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What is the correct phrase for the relationship between me and my son's father/mother in law?

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  • Not English (but many English speakers use it), there is a Yiddish word, machatonim that means the inlaws of your child.
    – bib
    Dec 16, 2014 at 19:07
  • Apologies, @bib, but I would tend to think that the only English speakers who use it are Yiddish speakers or cultural Jews. Although I, who am neither, nevertheless use certain Yiddish words and phrases that have leaked into common use. And as a German-speaker I can understand Yiddish better than most other English-speakers. So maybe we should adopt machatonim! I'd vote for it! Dec 16, 2014 at 19:14
  • hostility? amity? indifference?
    – Oldcat
    Dec 16, 2014 at 19:36
  • @Oldcat? What on earth are you talking about? Dec 16, 2014 at 20:10

2 Answers 2

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It's in your question.

There is no special term in English for a person's child's parents-in-law.

They are your son's parents-in-law.

Now, this is not to say that English wouldn't be enriched to have such a term, but it doesn't and there we are. It also doesn't have terms to distinguish between the flavors of aunts and uncles, and a few others that do exist in other languages.

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  • I'm not sure which aunt/uncle flavors you're referring to but we do have great aunts, etc. Dec 16, 2014 at 19:44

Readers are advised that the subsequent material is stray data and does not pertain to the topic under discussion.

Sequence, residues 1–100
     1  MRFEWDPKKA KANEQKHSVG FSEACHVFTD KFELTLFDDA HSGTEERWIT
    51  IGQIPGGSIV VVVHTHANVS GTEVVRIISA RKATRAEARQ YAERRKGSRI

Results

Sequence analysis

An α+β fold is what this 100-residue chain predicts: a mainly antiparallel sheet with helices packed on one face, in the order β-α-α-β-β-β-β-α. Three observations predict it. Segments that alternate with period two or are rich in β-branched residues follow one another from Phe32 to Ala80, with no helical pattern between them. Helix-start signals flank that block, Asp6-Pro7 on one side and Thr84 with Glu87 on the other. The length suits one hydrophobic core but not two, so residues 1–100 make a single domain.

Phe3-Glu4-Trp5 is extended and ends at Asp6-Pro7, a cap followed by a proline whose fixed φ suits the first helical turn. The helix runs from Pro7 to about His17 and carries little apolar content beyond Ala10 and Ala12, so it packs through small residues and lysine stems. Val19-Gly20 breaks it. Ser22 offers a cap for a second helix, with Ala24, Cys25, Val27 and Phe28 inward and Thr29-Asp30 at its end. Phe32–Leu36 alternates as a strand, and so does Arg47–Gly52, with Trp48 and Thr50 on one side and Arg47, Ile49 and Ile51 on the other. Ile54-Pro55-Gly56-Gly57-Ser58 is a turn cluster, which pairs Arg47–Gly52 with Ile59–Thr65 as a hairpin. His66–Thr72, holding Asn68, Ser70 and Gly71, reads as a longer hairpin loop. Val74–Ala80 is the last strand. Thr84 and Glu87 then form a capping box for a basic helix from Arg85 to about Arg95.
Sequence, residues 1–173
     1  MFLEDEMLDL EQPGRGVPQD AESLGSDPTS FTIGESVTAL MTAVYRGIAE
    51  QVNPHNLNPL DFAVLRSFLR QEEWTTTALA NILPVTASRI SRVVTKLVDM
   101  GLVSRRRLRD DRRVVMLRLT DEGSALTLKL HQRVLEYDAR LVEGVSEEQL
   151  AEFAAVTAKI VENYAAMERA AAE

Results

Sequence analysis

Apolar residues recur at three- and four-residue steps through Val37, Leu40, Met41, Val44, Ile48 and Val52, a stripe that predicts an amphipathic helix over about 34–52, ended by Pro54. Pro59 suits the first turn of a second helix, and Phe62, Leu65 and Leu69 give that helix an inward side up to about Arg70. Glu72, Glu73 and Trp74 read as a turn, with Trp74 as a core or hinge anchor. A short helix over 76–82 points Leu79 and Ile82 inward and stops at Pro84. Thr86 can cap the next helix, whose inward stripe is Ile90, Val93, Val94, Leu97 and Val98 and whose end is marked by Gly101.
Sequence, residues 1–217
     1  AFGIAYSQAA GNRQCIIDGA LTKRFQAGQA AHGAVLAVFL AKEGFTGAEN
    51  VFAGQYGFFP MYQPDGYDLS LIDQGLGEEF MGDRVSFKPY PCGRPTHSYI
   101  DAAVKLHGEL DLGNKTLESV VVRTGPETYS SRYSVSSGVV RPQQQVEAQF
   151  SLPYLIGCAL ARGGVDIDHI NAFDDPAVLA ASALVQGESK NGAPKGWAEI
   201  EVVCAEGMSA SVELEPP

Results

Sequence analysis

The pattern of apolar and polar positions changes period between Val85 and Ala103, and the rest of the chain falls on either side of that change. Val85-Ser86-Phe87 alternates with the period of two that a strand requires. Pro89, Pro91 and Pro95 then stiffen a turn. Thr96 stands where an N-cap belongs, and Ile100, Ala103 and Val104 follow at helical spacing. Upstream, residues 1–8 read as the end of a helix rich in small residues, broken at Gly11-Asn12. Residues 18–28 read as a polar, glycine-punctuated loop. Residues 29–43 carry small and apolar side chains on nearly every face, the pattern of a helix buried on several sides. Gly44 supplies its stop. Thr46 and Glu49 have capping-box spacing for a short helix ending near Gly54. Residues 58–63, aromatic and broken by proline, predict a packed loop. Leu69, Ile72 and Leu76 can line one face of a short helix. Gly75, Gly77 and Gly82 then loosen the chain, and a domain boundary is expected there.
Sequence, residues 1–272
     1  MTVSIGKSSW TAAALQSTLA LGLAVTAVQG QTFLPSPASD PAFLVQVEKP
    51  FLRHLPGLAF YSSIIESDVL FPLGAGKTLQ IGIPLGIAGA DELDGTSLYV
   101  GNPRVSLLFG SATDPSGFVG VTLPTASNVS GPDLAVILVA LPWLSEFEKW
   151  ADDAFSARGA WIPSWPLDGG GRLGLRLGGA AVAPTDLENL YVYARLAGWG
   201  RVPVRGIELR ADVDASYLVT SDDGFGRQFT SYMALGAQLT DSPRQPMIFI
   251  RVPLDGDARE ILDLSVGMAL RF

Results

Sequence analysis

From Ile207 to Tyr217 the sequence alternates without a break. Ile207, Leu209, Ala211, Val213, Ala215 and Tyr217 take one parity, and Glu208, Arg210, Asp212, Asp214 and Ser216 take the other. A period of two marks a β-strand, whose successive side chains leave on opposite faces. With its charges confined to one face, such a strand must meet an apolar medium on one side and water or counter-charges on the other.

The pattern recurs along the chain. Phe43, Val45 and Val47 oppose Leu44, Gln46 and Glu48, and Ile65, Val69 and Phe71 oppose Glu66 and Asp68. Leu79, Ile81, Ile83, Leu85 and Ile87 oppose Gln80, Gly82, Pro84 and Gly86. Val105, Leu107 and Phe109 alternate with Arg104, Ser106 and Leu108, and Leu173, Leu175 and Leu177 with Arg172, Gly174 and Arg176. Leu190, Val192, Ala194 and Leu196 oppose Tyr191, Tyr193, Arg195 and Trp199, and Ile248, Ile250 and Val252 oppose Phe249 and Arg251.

• @DennisWilliamson I think Cyberherbalist is referring to the difference between "blood" aunts/uncles (parents' siblings) and "marriage" aunts/uncles (parents' siblings' spouses). Dec 16, 2014 at 19:50
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    Yes, exactly, @starsplusplus. In Swedish, there are also distinctions between one's mother's and father's brothers: marbror and farbror. Both would be biological, of course. Dec 16, 2014 at 20:08
  • Or your son's wife/spouse's parents.
    – SrJoven
    Dec 16, 2014 at 21:19
  • Latin distinguishes "avunculus" from "patruua".material versus paternal uncle, and likewise, for aunts, "matertera" and "abita". Apr 14, 2018 at 13:25
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I hadn't realized when we had daughters, that I would also be gifted with sons when they married. My affection for their parents is beyond the tepid description "my son-in-laws parents". "Affinity sister/brother" is a much better term, as connected by choice albeit our children's choice. so...this holiday season I plan to introduce Kay as "my affinity sister who is Dave's (my son-in-law's) mother".

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  • Ps I knew they would marry men but never realized how much a part of our family they would become, and bring delightful family with them.
    – n. dower
    Dec 25, 2015 at 9:14

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